Huawei: basic Layer 3 MPLS VPN

Normally, I use Huawei for all sorts of CPE stuff. But this time, instead of connecting a Huawei CPE to an MPLS VPN, I thought I’d use Huawei to create the Layer 3 MPLS VPN itself. Using eNSP, the free and open Enterprise Simulation Platform, I created the following scenario:



I began by configuring OSPF on the service provider routers. Here is the configuration from pe-1:

interface GigabitEthernet0/0/1
 ip address 10.0.0.5 255.255.255.252 
 ospf network-type p2p
 ospf enable 1 area 0.0.0.0
#
interface LoopBack0
 ip address 10.0.0.252 255.255.255.255 
 ospf enable 1 area 0.0.0.0
#
ospf 1 
 area 0.0.0.0 
#

After using ‘display ospf peer’ to verify the neighbor relationships, I proceeded to configure MPLS and LDP on the pe and p routers (it’s not required on the route-reflector). This has to be enabled globally on the router as well as on the interface level. On pe-1, the following configuration was required:

#
mpls lsr-id 10.0.0.252
mpls
#
mpls ldp
#
interface GigabitEthernet0/0/1
 mpls
 mpls ldp
#

LDP can be verified with ‘display mpls ldp peer’ or ‘display mpls ldp session’. To verify that the router has established LSPs towards the other routers in the network, you can use ‘display mpls lsp’.

After setting this up, I configured the pe routers to peer with the route-reflector like this:

bgp 65000
 peer 10.0.0.251 as-number 65000 
 peer 10.0.0.251 connect-interface LoopBack0
 #
 ipv4-family unicast
  undo synchronization
  peer 10.0.0.251 enable
  peer 10.0.0.251 next-hop-local 
 # 
 ipv4-family vpnv4
  policy vpn-target
  peer 10.0.0.251 enable 

The configuration to make the route-reflector peer with the pe-1 and pe-2 router was the following:

#
bgp 65000
 peer 10.0.0.252 as-number 65000 
 peer 10.0.0.252 connect-interface LoopBack0
#
 ipv4-family unicast
  undo synchronization
  peer 10.0.0.252 enable
  peer 10.0.0.252 reflect-client
  peer 10.0.0.253 enable
  peer 10.0.0.253 reflect-client
 # 
 ipv4-family vpnv4
  undo policy vpn-target
  peer 10.0.0.252 enable
  peer 10.0.0.252 reflect-client
  peer 10.0.0.253 enable
  peer 10.0.0.253 reflect-client
#

The vpn-target filtering is enabled by default on Huawei, so be sure to disable this on the route-reflector. To verify the BGP session, use the ‘display bgp peer 10.0.0.251 verbose’ command. This command will also show the configured address families.

Next was the configuration of the VPN itself:

ip vpn-instance ipvpn
 ipv4-family
  route-distinguisher 1:1
  vpn-target 1:1 export-extcommunity
  vpn-target 1:1 import-extcommunity
#

Placing interfaces into the VPN:

interface GigabitEthernet0/0/0
 ip binding vpn-instance ipvpn
 ip address 192.168.0.1 255.255.255.252 
#
interface LoopBack1
 ip binding vpn-instance ipvpn
 ip address 192.168.1.2 255.255.255.255 
#

The last stop was configuring the pe routers to distribute routing information for direct routes and to start a BGP session with the CPE:

bgp 65000
 #
 ipv4-family vpn-instance ipvpn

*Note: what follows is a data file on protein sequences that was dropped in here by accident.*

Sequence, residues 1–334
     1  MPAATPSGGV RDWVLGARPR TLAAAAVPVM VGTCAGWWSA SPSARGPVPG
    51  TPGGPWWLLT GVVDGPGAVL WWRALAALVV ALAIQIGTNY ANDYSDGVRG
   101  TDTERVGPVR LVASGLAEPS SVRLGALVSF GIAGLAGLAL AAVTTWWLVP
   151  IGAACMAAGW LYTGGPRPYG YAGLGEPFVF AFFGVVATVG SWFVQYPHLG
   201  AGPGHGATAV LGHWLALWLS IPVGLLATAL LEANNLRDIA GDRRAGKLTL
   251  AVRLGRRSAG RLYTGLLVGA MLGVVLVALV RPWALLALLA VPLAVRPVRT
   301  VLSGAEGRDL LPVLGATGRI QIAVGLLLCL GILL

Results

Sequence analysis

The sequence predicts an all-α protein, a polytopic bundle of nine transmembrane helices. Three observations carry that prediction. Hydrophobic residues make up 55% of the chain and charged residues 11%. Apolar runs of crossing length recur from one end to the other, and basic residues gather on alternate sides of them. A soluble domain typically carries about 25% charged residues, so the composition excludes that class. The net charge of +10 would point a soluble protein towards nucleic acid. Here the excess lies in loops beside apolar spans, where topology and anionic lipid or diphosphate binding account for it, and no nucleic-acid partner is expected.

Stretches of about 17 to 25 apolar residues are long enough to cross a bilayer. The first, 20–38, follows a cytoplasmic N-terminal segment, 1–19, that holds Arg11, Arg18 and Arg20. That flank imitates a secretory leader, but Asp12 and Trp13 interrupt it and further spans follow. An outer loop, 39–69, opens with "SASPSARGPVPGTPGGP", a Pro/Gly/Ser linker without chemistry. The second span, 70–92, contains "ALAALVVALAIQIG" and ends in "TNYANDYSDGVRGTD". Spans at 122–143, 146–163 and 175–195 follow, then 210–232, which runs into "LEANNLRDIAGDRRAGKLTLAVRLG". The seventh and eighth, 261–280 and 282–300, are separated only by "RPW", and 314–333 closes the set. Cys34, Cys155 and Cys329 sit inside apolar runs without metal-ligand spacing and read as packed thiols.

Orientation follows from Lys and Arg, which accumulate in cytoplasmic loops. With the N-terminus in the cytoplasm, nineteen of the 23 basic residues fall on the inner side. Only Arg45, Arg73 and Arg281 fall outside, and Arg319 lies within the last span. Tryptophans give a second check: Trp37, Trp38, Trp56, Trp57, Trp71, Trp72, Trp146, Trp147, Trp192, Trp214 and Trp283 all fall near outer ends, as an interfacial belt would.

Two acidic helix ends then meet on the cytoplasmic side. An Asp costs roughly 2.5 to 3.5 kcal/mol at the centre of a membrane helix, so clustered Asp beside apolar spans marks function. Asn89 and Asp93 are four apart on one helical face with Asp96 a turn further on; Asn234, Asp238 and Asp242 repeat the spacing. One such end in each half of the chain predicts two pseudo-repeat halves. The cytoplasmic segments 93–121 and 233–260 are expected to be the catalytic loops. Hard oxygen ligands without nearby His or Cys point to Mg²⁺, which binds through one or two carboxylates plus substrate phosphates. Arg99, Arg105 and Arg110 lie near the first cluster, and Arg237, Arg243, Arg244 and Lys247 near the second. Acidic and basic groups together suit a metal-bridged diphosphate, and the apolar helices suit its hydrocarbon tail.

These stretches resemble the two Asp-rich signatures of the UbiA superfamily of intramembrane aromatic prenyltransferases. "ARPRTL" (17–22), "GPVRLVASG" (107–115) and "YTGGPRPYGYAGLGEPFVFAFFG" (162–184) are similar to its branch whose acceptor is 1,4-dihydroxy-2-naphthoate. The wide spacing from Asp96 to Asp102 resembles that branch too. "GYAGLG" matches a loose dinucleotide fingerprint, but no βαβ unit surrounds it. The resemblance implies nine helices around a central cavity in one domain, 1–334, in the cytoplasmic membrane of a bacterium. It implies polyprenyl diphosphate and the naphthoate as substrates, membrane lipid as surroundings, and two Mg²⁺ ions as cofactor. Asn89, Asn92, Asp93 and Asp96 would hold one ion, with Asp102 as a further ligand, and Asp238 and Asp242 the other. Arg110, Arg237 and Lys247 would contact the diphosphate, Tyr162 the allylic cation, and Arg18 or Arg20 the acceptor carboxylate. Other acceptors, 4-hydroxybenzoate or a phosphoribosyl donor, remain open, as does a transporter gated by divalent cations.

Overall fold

import-route direct
  peer 192.168.0.2 as-number 65500 
  peer 192.168.0.2 substitute-as 
#

When reading ‘substitute-as’, think as-override.

After configuring the cpe-routers to peer with the pe-routers, the setup was complete. To verify that pe-1 is advertising and receiving routes:

<pe-1> display bgp vpnv4 all routing-table peer 10.0.0.251 received-routes


 BGP Local router ID is 10.0.0.5 
 Status codes: * - valid, > - best, d - damped,
               h - history,  i - internal, s - suppressed, S - Stale
               Origin : i - IGP, e - EGP, ? - incomplete


 Total Number of Routes: 3

 Route Distinguisher: 1:1 


      Network            NextHop        MED        LocPrf    PrefVal Path/Ogn

 *>i  0.0.0.0            10.0.0.253      0          100        0      65500i
 *>i  192.168.0.4/30     10.0.0.253      0          100        0      ?
 *>i  192.168.1.3/32     10.0.0.253      0          100        0      ?

<pe-1>display bgp vpnv4 all routing-table peer 10.0.0.251 advertised-routes

 BGP Local router ID is 10.0.0.5 
 Status codes: * - valid, > - best, d - damped,
               h - history,  i - internal, s - suppressed, S - Stale
               Origin : i - IGP, e - EGP, ? - incomplete


 Total Number of Routes: 3

 Route Distinguisher: 1:1 


      Network            NextHop        MED        LocPrf    PrefVal Path/Ogn

 *>   192.168.0.0/30     10.0.0.252      0          100        0      ?
 *>   192.168.1.2/32     10.0.0.252      0          100        0      ?
 *>   192.168.255.1/32   10.0.0.252      0          100        0      65500?

To verify connectivity between the loopback IP addresses of the CPE’s:



<cpe-1>ping -a 192.168.255.1 192.168.255.2
  PING 192.168.255.2: 56  data bytes, press CTRL_C to break
    Reply from 192.168.255.2: bytes=56 Sequence=1 ttl=252 time=50 ms
    Reply from 192.168.255.2: bytes=56 Sequence=2 ttl=252 time=50 ms
    Reply from 192.168.255.2: bytes=56 Sequence=3 ttl=252 time=40 ms
    Reply from 192.168.255.2: bytes=56 Sequence=4 ttl=252 time=50 ms
    Reply from 192.168.255.2: bytes=56 Sequence=5 ttl=252 time=50 ms

  --- 192.168.255.2 ping statistics ---
    5 packet(s) transmitted
    5 packet(s) received
    0.00% packet loss
    round-trip min/avg/max = 40/48/50 ms

<cpe-1>

To start playing with this topology yourself, click on the Huawei eNSP logo to download the eNSP topology that contains the configuration files:



eNSP file

11-10-2015